How the Crisis in Nicaragua Affects Young People’s Mental Health

 July 4, 2018

By Yamlek Mojica

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HAVANA TIMES – For nearly three months, Nicaraguans have suffered through one of the gravest social and political crises in the country’s history. Be it behind the barricades or via cellphone screens, thousands of young people have witnessed atrocious crimes.

By this juncture, the Nicaraguan Association for Human Rights has registered more than 285 assassinations, some 1,500 wounded, and at least 156 disappearances. Nevertheless, there’s no official count of the permanent or temporary psychological damages.

In its report on the Nicaraguan situation, the Inter-American Commission for Human Rights (IACHR) specified that “the mental health and emotional well-being of the population is being seriously affected by the current context of violence, harassment, threats and repression.” The organization has classified the crisis as a “traumatic” event that – according to the testimonies that they received – has manifested itself in those living through it with intense stress, extreme suffering, anxiety, shame, and a radical change in the lives of the surviving victims and their family members.

According to psychotherapist Steven Perez, the psychological effects of the events of these past months “are of large proportion, and we will probably transmit our traumas to the next generations.” According to Perez, fear, apathy and stress are common symptoms that indicate that the situation is also affecting our minds. “It’s normal to be afraid. Fear in the face of dangerous or life-threatening situations serves as a warning mechanism to take precautions in our actions, unless this fear starts to paralyze us and we can’t implement our normal acts,” he expresses.

One of his recommendations is to write down how we feel, or to talk about it with those we trust, distract ourselves once in a while with things that don’t have anything to do with the context of our fears, and if possible to seek psychological help. You need to find the resources at hand and transform them into something life-sustaining,” he states.

On our social media platform, we asked our readers how this situation has affected them. These were some of the responses:

 

Gabriel, 20 years old

I live in Diriamba. We haven’t gone through the things here that other places have, thank God, but there’s always a tension about the attacks. I haven’t left my house for a month. I haven’t seen my family members, friends, anyone. We don’t have a lot of entertainment in my house; maybe sometimes the most anticipated World Cup matches. In our case we also have to deal with the scarcity that’s part of our lives…. In brief, everything is very tiresome, worse when they lie about what’s happening, a thousand times worse.

 

Fernanda, 25

I feel that in general we’re developing symptoms of post-traumatic stress disorder, and it’s been especially hard on those of us who already have a history of mental disorders.  For example, many of my friends and acquaintances are beginning to have anxiety or panic attacks, even though their mental health was previously good. The friends I chat with are beginning to show symptoms of depression. They can’t sleep, they barely eat, they can’t carry on with their daily activities, they’ve lost interest in many of the things they used to be passionate about, and they tell me that they feel empty.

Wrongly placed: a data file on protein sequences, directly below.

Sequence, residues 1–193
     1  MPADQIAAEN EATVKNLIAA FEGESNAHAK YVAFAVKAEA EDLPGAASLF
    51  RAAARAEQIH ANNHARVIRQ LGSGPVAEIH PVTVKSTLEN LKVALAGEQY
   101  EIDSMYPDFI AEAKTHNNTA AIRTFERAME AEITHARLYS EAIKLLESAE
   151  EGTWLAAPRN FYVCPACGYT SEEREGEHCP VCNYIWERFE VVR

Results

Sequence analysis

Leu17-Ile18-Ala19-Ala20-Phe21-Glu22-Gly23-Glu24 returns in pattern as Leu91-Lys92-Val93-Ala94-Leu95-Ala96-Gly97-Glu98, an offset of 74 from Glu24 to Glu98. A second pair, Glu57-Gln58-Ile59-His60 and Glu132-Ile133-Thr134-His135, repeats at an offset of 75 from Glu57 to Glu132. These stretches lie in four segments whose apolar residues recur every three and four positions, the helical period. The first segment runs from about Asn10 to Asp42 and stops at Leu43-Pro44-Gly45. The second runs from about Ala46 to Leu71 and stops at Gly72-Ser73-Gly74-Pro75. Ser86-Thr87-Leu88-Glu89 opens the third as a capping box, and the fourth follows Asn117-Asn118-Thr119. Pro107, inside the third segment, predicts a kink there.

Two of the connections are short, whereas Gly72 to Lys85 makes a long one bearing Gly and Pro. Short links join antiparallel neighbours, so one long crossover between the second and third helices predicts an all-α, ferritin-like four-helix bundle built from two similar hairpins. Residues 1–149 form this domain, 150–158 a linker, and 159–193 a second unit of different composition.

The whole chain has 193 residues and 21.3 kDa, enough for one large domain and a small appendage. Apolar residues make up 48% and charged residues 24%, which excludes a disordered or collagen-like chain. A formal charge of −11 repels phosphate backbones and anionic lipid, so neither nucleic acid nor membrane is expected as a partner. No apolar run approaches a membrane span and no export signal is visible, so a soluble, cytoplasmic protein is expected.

Among those of us who already live with mental disorders (the ones I’ve spoken with) a feeling of uselessness and hopelessness predominates. We also talk a lot about suicide in self-deprecating jokes. I believe that it’s more difficult to generate emotions, because we’d never lived through anything like this, it’s irrational. Because of this, we burst into tears at any moment. In addition, the killings are so unpredictable and so public: we feel a constant need to be connected and see what’s happening; where they’re attacking; grieving for the people they kill and worried that our friends and family might be next.

 

Cristina, 23

The crisis in my country has affected me a lot psychologically. I’m very anxious.  I’ve gained weight, little by little, and the urge to smoke has come back. I quit smoking five months ago but I don’t know how much more time I’m going to last. My depression has returned. I lost my job and today I had a lot of suicidal thoughts, thinking that I’m doing absolutely nothing with my life and that this situation is worsening my professional development so I’m never going to grow professionally.,

All of this terrifies me. My sleep schedule is out of control: I fall asleep at 4 am and I get up after noon. I just want to sleep and sleep, because every time I check social media, everything gets worse.

 

Isadriana, 25

Since it began, I’ve been in a constant state of anxiety. The lack of rest – although I sleep, it’s not restful – the overwhelming news, the constant worry and living in a state of alert all the time has given me heart palpitations, plus a lack of motivation and the urge to just abandon everything. This occurs to the point where at moments I lose the sense of what’s happening, and see things like I was looking down from above. Some days are more difficult, and I have a hard time just getting out of bed.

Obviously, I can’t concentrate at work and I’m always in my own head. I’ve lost a certain connection with people around me. And the nights are more difficult. The tense silence doesn’t let me sleep, and many nights I just cry and cry about the lack of hope.

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